This week marks the anniversary of the death of poet Elizabeth Barrett Browning … We remember the poet’s life and work with seven our favorite Elizabeth Barrett Browning poems .
Elizabeth Barrett Browning (6 March 1806 – 29 June 1861) was an English poet of the Victorian era, popular in Britain and the United States during her lifetime.
Born in County Durham, the eldest of 12 children, Elizabeth Barrett wrote poetry from the age of eleven. Her mother’s collection of her poems forms one of the largest extant collections of juvenilia by any English writer. At 15, she became ill, suffering intense head and spinal pain for the rest of her life. Later in life, she also developed lung problems, possibly tuberculosis.
In the 1840s, Elizabeth was introduced to literary society through her distant cousin and patron John Kenyon. Her first adult collection of poems was published in 1838, and she wrote prolifically between 1841 and 1844, producing poetry, translation, and prose. She campaigned for the abolition of slavery, and her work helped influence reform in the child labour legislation. Her prolific output made her a rival to Tennyson as a candidate for poet laureate on the death of Wordsworth. (via Wikipedia)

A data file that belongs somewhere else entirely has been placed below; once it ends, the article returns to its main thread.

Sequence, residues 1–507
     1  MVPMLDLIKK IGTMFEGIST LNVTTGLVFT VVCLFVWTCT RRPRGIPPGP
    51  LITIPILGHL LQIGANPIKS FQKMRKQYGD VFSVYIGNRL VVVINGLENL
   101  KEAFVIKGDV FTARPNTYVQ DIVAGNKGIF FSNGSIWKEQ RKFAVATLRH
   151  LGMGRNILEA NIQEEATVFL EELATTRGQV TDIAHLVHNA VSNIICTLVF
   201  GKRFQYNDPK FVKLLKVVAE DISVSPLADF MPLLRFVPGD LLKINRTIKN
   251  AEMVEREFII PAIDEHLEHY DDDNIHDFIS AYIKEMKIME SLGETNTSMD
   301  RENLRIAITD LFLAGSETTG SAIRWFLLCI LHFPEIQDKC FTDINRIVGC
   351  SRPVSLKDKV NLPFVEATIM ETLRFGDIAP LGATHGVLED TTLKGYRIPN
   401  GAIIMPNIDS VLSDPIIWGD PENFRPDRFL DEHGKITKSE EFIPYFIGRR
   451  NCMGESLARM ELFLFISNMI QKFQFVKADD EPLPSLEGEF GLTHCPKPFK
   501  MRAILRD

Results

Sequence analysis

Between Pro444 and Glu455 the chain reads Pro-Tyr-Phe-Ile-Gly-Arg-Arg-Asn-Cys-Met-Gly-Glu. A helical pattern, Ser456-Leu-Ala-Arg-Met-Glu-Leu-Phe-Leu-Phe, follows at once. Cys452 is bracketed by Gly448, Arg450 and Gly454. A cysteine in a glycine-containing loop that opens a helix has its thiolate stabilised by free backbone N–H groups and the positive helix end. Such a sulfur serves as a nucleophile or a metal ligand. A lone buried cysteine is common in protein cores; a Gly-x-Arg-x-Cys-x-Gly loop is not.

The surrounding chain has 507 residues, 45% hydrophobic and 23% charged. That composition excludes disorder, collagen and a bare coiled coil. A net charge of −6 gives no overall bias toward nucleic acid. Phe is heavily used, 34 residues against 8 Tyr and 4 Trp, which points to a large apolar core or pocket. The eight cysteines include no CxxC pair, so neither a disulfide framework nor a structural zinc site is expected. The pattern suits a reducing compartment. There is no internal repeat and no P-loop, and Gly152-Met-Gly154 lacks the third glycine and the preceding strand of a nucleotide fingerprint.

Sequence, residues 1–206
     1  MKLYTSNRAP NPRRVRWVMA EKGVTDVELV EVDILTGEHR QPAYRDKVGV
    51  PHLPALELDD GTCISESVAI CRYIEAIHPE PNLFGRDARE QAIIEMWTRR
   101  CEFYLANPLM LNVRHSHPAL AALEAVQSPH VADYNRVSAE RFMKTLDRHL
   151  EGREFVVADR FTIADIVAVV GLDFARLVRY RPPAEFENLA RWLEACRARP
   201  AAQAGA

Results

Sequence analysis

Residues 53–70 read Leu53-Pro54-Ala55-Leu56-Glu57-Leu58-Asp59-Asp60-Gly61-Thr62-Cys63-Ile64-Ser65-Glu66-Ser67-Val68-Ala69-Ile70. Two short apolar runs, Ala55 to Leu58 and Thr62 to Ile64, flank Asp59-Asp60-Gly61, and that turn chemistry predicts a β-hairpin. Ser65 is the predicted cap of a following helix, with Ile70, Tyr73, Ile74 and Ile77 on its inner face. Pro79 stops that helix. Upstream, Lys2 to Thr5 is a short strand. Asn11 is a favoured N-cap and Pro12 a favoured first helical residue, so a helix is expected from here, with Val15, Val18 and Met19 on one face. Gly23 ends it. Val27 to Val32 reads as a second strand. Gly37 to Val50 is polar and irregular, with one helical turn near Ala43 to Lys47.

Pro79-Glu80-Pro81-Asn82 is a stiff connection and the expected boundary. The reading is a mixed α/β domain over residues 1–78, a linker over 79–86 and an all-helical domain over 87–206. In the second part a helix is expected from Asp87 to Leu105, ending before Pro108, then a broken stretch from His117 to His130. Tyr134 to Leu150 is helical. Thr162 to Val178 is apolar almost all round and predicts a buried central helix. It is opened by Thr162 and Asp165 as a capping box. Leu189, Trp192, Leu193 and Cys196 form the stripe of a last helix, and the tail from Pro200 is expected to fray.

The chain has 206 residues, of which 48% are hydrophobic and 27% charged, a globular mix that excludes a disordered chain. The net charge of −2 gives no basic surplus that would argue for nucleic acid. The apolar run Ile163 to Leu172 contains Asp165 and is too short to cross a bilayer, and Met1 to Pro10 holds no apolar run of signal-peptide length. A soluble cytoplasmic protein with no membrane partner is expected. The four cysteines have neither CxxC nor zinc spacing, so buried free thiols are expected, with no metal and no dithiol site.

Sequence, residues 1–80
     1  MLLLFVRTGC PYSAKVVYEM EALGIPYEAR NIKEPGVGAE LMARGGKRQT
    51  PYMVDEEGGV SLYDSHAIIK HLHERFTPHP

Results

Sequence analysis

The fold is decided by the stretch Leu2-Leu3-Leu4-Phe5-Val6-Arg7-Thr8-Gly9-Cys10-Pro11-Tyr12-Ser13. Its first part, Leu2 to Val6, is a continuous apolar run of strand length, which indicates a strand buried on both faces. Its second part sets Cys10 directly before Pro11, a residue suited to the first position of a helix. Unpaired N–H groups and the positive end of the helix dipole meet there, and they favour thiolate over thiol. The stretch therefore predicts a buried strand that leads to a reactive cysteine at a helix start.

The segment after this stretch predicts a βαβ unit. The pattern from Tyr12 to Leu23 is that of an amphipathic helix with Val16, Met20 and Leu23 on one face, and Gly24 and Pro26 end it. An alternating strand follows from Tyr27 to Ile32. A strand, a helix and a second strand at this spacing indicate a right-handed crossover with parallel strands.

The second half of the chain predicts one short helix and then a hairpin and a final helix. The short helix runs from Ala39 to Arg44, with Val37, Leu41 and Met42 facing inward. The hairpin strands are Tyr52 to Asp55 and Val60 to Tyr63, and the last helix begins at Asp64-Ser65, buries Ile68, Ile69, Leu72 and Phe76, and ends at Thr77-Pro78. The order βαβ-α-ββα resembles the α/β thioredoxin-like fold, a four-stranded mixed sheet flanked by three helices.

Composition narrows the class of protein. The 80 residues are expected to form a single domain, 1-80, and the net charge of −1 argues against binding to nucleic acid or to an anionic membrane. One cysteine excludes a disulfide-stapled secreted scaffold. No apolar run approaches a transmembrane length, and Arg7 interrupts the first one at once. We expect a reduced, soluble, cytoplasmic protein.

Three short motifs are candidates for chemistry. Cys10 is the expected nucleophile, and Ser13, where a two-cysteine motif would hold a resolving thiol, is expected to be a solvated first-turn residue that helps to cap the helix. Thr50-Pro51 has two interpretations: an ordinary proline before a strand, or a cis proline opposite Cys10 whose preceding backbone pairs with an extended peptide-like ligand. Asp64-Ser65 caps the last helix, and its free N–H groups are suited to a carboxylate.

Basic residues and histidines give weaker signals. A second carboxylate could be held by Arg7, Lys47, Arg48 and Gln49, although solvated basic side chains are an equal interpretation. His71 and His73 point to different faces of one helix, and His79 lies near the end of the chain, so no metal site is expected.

The Seraph and the Poet
Elizabeth Barrett Browning
The seraph sings before the manifest
God-One, and in the burning of the Seven,
And with the full life of consummate
Heaving beneath him like a mother’s
Warm with her first-born’s slumber in that
The poet sings upon the earth grave-riven,
Before the naughty world, soon self-forgiven
For wronging him, and in the darkness prest
From his own soul by worldly weights.
Even so, Sing, seraph with the glory! heaven is high;
Sing, poet with the sorrow! earth is low:
The universe’s inward voices cry
‘Amen’ to either song of joy and woe:
Sing, seraph, poet, sing on equally!
*** What are your favorite Elizabeth Barrett Browning poems ?
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